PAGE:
Mike is an 18 year female to male transman. He is currently studying psychology at The Evergreen State College between making quilts. He someday aspires to be a social worker, and in the mean time, he wants to fix the fact that not everyone is born with an inherent right to be themselves.
I am never sure how well I pass. Sometimes, it’s pretty clear that people don’t really think I’m trans. Sometimes they find out I am trans because I start talking about being a girl in the past or because I stretch the wrong way. Sometimes other people tell them. I am out right now. It feels safer that way, and somehow more honest. I feel like it’s being more honest to my gender and the way that I am in life. I can’t imagine a time where I wouldn’t want to be out.
On the other hand, I can see the appeal of stealth. No one questions a cisgendered man’s right to be a man. Well… Ok, that’s not true, if he does stuff outside of his assigned gender role, they will. But they
don’t find out he’s cisgendered and start using the wrong pronouns. In fact, he’s most likely getting male pronouns because he is cisgendered! And passing well enough that people can’t tell I’m trans means that sometimes I forget. It means that I can forget, for a moment, the pain of being born in the wrong body and it means that I am in the correct box. It’s a nice feeling, to know that there are some people out there who don’t see me as anything but a man.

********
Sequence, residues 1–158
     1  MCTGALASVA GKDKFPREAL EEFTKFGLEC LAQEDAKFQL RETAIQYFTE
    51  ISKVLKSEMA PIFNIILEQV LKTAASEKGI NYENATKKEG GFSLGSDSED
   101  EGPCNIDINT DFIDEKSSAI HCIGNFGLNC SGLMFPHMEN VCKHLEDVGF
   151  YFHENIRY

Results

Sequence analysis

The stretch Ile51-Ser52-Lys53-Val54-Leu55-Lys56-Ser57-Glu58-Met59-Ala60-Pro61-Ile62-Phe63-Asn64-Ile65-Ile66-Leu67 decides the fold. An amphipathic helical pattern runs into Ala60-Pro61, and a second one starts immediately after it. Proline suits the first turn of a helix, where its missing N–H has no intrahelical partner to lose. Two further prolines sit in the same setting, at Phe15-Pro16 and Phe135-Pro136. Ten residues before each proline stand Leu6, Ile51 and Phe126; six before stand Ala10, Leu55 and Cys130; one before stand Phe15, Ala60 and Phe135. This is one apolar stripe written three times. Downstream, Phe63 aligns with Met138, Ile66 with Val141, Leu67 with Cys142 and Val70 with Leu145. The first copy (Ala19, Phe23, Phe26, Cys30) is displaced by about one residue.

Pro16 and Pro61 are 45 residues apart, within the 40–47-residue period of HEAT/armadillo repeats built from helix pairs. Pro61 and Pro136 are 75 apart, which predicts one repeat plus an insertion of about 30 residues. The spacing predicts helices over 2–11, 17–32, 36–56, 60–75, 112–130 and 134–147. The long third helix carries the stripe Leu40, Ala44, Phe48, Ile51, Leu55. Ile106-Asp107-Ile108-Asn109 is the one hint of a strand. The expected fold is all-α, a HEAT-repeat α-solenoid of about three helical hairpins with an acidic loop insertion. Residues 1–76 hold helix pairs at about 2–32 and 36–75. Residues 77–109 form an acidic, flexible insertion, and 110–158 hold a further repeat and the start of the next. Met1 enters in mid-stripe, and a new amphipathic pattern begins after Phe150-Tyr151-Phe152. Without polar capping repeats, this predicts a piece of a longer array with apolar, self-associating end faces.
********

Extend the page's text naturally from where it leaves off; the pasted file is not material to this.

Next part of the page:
At the same time though… It’s inherently dishonest. I don’t really like gendered pronouns in general, for the most part. It is a two or three (depending on your preference) letter death sentence. Two or three letters that confine you to a certain role and assume things about what is in your pants. One syllable, and all of a sudden people have ideas about the way you act and feel. They will certainly treat you differently depending on which pronoun they think fits you. Being referred to as he is the label that fits me the best, but that isn’t my entire gender. It doesn’t sum up who I am. It negates the experience and learning that being trans has given me, and undermines a struggle that happened for me.
My gender is not merely male, but transmale. And I like that. Because not even the simplest things were figured out for me. After gender is taken away, so many assumptions are questioned and because my gender is outside of the norm, I have different perspective than most. I get to look at the system and question everything. I get to figure out what I like and what I don’t, instead of being pushed into a set of
expectations. Transition has taught me that I don’t have to accept the labels that I don’t feel fit me. I am certainly not going through this long and difficult process in order to be someone I am not!